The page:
Tale of the acoustic veil
The exterior of the Royal Conservatory of Music’s Michael and Sonja Koerner Hall at the Telus Centre for the Performing Arts, which opened in September, may be your standard International Style reticulated box. Inside the audience chamber, though, Kuwabara Payne McKenna Blumberg Architects partner Marianne McKenna let her hair down with a dramatic white-oak veil that wraps the ceiling and front wall. Its lacy curves are as satisfyingly sensuous as the serpentine forms in Frank Gehry’s Art Gallery of Ontario reno a few blocks away.
Although McKenna was seemingly influenced by wheat sheaves or tuning forks, her veil owes its form to a collaboration with Koerner’s acoustician, Robert Essert, president of Sound Space Design, in London. As acoustician for the excellent Four Seasons Opera House, and a member of the team, while employed at New York — based Artec Consultants, on George Weston Recital Hall in North York and the Roy Thomson Hall renovation, he considers Toronto to be his home away from home.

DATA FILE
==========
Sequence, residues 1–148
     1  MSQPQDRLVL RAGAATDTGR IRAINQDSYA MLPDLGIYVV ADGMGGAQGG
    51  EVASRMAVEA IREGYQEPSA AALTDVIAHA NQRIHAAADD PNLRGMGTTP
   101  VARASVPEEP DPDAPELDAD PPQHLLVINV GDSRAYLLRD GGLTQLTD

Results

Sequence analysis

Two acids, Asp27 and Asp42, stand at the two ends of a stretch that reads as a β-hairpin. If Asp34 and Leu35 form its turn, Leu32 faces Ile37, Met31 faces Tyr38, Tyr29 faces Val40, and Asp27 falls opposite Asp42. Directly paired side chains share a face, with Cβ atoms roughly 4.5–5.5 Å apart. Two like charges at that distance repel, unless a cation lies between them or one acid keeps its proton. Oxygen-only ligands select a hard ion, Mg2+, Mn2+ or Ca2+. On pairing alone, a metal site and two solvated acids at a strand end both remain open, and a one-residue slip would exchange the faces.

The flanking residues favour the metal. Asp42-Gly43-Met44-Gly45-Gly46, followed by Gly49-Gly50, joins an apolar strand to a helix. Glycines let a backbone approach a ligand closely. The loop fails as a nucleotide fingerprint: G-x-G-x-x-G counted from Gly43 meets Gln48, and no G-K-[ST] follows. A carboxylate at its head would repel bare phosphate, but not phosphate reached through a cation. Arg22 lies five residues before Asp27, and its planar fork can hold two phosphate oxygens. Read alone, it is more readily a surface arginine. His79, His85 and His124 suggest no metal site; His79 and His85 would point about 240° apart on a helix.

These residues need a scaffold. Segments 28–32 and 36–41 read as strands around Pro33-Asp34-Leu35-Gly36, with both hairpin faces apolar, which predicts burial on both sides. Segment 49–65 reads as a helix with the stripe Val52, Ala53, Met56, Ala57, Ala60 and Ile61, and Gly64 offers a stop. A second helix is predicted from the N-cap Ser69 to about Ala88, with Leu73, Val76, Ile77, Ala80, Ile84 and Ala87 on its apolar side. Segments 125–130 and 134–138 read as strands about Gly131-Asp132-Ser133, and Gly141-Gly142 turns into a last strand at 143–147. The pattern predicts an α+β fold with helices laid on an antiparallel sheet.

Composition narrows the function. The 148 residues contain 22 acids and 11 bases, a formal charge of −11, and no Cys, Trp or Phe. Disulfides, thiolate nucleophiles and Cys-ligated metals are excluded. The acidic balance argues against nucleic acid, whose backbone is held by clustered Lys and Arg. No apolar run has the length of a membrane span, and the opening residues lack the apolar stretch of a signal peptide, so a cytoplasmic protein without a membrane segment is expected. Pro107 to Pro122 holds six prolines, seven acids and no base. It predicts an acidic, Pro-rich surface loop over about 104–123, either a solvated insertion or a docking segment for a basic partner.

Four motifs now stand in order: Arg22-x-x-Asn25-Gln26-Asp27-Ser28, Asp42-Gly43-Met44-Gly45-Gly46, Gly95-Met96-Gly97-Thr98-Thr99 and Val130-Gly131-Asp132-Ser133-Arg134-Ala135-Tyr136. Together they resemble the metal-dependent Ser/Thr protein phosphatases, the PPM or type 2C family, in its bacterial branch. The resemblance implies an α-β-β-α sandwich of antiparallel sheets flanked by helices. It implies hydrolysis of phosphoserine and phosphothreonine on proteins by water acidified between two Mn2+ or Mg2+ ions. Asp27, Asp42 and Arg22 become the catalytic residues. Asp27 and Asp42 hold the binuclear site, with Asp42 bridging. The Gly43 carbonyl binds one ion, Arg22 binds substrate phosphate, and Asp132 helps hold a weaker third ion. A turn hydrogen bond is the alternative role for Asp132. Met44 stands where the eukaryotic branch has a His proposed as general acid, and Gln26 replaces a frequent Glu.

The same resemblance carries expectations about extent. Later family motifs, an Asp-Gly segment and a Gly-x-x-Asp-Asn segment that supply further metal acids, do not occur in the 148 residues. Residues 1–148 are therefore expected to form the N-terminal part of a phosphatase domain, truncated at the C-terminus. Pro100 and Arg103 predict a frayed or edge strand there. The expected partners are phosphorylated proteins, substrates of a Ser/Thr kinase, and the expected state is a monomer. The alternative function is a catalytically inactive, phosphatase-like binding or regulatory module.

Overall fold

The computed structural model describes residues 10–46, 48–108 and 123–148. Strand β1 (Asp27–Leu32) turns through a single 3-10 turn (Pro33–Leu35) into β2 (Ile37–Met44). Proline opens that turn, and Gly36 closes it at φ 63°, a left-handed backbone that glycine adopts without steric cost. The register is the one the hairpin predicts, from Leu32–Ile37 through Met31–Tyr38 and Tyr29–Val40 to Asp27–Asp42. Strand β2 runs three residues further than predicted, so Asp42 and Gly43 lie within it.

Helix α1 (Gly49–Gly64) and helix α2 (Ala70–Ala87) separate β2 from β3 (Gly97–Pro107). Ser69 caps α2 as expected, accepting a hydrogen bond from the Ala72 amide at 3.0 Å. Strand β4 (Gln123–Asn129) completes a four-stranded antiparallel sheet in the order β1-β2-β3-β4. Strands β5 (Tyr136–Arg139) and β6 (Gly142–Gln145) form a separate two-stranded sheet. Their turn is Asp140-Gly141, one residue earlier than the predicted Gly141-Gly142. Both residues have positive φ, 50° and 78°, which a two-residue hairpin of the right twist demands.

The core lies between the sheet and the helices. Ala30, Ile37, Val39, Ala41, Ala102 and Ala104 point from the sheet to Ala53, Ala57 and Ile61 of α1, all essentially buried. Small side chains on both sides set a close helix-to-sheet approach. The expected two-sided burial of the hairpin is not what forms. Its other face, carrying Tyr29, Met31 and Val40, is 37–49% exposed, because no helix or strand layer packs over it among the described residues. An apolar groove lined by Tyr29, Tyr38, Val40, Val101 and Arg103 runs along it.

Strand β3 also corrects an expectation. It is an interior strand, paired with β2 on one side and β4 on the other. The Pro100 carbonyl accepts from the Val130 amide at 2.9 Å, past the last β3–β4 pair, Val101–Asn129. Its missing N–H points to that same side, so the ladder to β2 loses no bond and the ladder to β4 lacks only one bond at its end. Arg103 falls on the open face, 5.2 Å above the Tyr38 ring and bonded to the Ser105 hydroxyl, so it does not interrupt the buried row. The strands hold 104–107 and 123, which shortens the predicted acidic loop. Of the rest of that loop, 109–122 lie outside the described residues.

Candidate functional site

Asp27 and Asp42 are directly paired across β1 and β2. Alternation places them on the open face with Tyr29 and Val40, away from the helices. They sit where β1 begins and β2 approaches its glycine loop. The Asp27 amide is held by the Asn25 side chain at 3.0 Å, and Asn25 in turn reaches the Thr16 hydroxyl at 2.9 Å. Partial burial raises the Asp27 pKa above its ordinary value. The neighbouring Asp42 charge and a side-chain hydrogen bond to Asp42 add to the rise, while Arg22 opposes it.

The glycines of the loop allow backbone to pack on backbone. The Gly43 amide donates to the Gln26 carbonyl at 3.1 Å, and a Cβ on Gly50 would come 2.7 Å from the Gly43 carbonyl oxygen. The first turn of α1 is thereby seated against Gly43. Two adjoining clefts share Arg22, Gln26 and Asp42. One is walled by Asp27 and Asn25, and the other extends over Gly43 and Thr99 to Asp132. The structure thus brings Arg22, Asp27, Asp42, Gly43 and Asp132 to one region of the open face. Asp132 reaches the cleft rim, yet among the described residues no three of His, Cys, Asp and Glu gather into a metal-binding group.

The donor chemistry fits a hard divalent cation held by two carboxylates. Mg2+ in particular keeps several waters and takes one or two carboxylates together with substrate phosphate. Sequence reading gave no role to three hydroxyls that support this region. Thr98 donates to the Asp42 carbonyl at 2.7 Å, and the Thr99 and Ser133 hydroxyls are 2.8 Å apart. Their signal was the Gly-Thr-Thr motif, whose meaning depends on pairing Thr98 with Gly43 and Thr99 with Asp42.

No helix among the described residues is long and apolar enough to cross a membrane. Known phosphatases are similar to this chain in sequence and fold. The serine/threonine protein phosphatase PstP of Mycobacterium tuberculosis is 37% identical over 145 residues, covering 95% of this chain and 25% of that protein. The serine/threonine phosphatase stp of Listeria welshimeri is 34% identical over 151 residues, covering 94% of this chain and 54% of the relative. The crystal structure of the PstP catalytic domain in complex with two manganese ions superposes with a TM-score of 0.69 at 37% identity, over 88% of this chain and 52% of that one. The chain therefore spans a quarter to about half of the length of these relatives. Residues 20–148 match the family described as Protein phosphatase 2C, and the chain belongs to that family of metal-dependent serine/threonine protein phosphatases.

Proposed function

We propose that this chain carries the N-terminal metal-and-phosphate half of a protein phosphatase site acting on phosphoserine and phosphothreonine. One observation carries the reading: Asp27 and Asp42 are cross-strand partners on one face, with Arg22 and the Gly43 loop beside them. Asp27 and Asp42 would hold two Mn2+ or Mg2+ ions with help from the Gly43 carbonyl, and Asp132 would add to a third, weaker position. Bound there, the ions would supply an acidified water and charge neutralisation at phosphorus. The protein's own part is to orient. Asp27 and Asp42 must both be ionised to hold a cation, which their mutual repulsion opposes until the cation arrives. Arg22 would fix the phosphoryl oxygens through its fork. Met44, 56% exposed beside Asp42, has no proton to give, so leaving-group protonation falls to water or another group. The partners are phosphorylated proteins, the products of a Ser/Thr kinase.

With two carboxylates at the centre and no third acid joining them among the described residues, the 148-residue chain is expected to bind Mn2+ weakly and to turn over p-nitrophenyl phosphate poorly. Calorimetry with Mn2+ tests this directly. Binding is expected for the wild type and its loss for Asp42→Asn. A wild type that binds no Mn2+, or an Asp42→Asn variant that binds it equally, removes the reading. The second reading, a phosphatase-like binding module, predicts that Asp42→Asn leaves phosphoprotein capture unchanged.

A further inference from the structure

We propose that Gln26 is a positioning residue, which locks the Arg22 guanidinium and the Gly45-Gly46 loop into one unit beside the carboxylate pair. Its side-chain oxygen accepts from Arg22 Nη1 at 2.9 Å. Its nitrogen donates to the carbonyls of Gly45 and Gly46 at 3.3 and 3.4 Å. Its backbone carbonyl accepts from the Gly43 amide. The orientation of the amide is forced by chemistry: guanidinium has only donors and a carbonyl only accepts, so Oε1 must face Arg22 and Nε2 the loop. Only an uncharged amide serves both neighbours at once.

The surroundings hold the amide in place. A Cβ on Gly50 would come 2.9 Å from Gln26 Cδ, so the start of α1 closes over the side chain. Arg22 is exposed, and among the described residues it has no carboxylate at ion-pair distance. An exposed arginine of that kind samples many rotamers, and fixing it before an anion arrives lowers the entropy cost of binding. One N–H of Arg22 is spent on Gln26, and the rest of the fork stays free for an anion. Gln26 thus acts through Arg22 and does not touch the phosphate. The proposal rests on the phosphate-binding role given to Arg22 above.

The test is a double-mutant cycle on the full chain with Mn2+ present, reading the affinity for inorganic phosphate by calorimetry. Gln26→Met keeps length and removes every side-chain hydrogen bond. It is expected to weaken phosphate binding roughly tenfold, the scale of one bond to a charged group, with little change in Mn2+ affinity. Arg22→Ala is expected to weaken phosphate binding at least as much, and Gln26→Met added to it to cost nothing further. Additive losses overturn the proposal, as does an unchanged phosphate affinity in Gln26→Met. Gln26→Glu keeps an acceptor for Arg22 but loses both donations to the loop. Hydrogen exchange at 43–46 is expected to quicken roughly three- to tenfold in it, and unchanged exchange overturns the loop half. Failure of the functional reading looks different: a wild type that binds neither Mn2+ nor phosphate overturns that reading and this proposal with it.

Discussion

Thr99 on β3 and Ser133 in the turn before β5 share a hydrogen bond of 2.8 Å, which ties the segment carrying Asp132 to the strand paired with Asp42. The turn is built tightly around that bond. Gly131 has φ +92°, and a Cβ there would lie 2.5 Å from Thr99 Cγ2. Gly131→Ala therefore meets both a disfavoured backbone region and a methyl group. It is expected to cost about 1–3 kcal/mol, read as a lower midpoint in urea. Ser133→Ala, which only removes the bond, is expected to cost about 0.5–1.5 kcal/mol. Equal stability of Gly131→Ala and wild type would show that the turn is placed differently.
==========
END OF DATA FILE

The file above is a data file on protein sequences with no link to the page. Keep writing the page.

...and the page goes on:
To make Koerner seem unusually intimate for its seat count (1,135), McKenna wanted the ceiling to appear lower. She also wanted to conceal the lighting, rigging and loudspeakers. “There’s a forest of steel and catwalks up there,” says Essert. “Instead of big bands cutting across the ceiling where the lighting positions are, they’re carefully obscured by her veil and by the lighting. Her timber elements weave in and out and open at the right places and angles so that the light beams shoot right through.”
Aside from gracefully concealing the mechanicals, McKenna’s veil affects the acoustics. “Downstage of the reflector surface, the veil had to be absent and not block the sound from going up to the ceiling,” Essert explains. “Here, the ribs are more or less vertical. I wanted some three-dimensional relief over the players as the ribs come forward. But down at the choir loft they are more like tree trunks, scattering the sound behind the brass to help balance with the strings. By twisting the ribs, Marianne’s design graciously turns ceiling-obscuring elements into sound-scattering elements. Her veil — the design element that ties everything together — is acoustically absent at the back of the hall and acoustically productive at the front.”
How would Essert sum up Koerner’s sound? “Clarity along with resonance, instead of just having lots of reverberation that muddies things.” CI